Aldeen faced a life sentence for answering a humanitarian call. He was arrested on his boat while trying to save lives from a brutal sea off the Greek island of Lesbos. He and four other volunteers were charged with attempting to facilitate illegal entry and smuggling. 

“How do you arrest someone for helping others?” Aldeen asked. “It questions the lawful and just reasons why volunteers do what they do and it’s shameful that there’s a single hint of doubt as to their motives for doing so. I lost two years of my life doing what I loved, helping, but I was criminalized for doing it.”

Born in Moldova to immigrant parents who later became residents of Denmark after fleeing the civil war in 1992, Aldeen is slowly adjusting to life back home. In an exclusive interview with Arab News, he expressed his desire to rebuild his life after spending more than two years helping to save and assist refugees and migrants arriving on the island during the peak of the refugee crisis. “Team Humanity is not a temporary organization,” he said. “Now that I’m back, I plan on expanding my operations, but I’ll never go back to Lesvos. The mental toll was greater than I anticipated and now, at 35, I must start my life all over again and I’ll command from my base here in Denmark.”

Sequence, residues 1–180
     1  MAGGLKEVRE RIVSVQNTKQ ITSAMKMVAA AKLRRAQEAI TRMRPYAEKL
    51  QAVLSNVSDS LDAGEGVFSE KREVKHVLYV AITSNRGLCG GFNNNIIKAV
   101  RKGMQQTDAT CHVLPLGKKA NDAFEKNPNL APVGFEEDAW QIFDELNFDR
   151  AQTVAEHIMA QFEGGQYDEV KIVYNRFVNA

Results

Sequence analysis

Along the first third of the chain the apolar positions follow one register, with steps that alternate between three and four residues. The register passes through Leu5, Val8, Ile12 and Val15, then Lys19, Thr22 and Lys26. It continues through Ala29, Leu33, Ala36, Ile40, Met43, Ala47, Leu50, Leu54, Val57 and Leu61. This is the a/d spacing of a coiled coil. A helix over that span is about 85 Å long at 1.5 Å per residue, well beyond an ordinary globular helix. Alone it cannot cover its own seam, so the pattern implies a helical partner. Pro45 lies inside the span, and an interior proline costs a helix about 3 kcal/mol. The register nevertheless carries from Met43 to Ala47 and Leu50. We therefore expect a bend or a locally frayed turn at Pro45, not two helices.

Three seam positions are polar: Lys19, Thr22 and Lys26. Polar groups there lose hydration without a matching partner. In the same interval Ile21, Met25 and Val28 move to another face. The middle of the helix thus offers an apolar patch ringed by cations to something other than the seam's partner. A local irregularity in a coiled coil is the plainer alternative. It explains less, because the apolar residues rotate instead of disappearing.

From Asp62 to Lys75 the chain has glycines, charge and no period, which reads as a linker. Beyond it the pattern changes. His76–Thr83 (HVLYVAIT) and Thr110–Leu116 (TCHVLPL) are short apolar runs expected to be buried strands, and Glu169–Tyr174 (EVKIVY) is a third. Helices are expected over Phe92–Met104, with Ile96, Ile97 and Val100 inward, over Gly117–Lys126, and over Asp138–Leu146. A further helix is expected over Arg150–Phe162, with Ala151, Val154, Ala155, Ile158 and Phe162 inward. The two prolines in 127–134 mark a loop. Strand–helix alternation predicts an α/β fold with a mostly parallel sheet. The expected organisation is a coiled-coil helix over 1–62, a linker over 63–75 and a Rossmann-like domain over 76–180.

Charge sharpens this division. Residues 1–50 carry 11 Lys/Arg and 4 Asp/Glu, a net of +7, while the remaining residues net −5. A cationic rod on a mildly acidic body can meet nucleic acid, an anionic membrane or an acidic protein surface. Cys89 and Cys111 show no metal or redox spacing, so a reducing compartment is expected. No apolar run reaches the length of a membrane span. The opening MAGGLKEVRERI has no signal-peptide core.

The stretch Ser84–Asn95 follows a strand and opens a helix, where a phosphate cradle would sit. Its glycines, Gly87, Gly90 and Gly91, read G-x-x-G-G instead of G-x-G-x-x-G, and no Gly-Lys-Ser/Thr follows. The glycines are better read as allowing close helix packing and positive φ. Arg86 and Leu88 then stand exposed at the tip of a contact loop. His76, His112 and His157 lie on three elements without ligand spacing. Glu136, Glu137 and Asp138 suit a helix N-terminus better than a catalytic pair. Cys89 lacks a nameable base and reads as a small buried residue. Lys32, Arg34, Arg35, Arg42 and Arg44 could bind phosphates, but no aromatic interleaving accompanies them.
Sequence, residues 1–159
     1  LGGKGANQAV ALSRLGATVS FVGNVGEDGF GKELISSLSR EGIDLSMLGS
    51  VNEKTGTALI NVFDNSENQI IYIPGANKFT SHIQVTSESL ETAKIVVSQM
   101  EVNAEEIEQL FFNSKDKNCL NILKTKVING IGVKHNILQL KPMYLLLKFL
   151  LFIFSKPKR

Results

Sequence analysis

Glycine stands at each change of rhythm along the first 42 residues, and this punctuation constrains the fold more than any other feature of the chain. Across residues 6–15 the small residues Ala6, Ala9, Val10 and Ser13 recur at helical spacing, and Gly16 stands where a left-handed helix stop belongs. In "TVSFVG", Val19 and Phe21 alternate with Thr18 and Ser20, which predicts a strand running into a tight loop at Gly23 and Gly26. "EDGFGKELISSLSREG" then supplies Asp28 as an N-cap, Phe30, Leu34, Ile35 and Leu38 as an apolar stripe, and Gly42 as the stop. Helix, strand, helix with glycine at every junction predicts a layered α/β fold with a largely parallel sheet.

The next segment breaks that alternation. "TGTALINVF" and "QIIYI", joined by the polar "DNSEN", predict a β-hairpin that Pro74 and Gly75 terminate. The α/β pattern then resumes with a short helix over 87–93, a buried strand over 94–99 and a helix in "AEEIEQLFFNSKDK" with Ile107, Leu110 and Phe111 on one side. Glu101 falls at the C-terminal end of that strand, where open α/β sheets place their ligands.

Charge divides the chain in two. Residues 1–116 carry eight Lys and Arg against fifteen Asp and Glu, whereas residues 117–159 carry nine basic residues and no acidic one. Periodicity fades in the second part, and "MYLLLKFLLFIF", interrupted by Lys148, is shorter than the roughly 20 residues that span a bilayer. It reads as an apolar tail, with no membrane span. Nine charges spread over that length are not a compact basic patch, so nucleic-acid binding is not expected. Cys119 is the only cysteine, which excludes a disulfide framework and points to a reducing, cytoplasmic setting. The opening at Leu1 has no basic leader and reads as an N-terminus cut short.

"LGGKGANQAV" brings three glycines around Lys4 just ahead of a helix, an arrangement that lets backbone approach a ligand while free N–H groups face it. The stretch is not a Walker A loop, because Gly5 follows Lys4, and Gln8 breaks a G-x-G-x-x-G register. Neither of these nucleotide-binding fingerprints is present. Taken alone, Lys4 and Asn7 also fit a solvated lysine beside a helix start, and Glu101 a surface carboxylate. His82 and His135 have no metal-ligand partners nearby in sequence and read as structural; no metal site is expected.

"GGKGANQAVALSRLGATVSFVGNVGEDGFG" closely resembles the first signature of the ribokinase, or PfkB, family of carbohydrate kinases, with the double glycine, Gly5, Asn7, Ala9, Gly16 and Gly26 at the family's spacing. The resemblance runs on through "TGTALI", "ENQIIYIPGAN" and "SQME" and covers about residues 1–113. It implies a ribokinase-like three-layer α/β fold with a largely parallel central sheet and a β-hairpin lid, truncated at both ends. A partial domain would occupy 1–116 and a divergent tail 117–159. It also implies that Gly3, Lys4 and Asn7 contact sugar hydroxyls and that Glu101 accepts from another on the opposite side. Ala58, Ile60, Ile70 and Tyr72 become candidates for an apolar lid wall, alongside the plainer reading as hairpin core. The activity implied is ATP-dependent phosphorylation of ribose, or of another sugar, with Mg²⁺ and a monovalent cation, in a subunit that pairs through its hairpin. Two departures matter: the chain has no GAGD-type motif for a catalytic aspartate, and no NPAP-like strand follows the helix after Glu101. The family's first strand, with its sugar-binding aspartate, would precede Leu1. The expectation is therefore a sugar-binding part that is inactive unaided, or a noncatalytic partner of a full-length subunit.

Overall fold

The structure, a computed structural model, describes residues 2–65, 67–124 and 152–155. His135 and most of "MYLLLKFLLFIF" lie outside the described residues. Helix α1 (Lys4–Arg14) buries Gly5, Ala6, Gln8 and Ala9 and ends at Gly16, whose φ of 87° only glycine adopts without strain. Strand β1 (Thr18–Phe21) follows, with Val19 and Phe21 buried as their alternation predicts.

Aldeen was originally motivated by a single photograph that brought the extent of the refugee crisis to the world’s attention in 2015. “One picture changed everything: three-year-old Aylan Kurdi, a Syrian boy who drowned in the Aegean Sea and was found face-down on a Turkish beach,” said Aldeen. “Whatever plans I had that year were scratched. I booked a ticket to Lesbos island for one week in September 2015.” 

Volunteers and NGOs across Europe have flocked to the Greek islands since the summer of 2015 to help rescue and shelter the refugees and migrants, who have been arriving by boat on European shores from conflict-ridden countries such as Syria and Iraq.